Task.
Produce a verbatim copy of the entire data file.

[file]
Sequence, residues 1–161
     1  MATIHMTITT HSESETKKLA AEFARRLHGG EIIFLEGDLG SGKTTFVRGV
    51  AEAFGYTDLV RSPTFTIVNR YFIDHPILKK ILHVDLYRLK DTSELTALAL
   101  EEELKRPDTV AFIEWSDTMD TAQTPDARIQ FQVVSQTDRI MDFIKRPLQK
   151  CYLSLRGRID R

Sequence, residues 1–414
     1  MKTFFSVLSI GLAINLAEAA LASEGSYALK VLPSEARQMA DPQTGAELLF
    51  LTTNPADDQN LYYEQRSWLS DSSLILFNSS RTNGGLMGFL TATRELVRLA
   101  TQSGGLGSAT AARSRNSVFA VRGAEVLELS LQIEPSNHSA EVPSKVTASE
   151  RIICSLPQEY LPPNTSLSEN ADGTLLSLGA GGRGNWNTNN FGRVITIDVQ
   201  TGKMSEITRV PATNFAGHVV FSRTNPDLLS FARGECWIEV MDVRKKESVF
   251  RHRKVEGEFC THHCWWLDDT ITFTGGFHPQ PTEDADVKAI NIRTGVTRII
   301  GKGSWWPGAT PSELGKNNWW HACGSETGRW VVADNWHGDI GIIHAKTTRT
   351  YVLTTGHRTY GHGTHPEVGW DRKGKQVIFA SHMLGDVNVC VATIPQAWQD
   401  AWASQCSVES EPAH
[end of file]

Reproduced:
Sequence, residues 1–161
     1  MATIHMTITT HSESETKKLA AEFARRLHGG EIIFLEGDLG SGKTTFVRGV
    51  AEAFGYTDLV RSPTFTIVNR YFIDHPILKK ILHVDLYRLK DTSELTALAL
   101  EEELKRPDTV AFIEWSDTMD TAQTPDARIQ FQVVSQTDRI MDFIKRPLQK
   151  CYLSLRGRID R

Sequence, residues 1–414
     1  MKTFFSVLSI GLAINLAEAA LASEGSYALK VLPSEARQMA DPQTGAELLF
    51  LTTNPADDQN LYYEQRSWLS DSSLILFNSS RTNGGLMGFL TATRELVRLA
   101  TQSGGLGSAT AARSRNSVFA VRGAEVLELS LQIEPSNHSA EVPSKVTASE
   151  RIICSLPQEY LPPNTSLSEN ADGTLLSLGA GGRGNWNTNN FGRVITIDVQ
   201  TGKMSEITRV PATNFAGHVV FSRTNPDLLS FARGECWIEV MDVRKKESVF
   251  RHRKVEGEFC THHCWWLDDT ITFTGGFHPQ PTEDADVKAI NIRTGVTRII
   301  GKGSWWPGAT PSELGKNNWW HACGSETGRW VVADNWHGDI GIIHAKTTRT
   351  YVLTTGHRTY GHGTHPEVGW DRKGKQVIFA SHMLGDVNVC VATIPQAWQD
   401  AWASQCSVES EPAH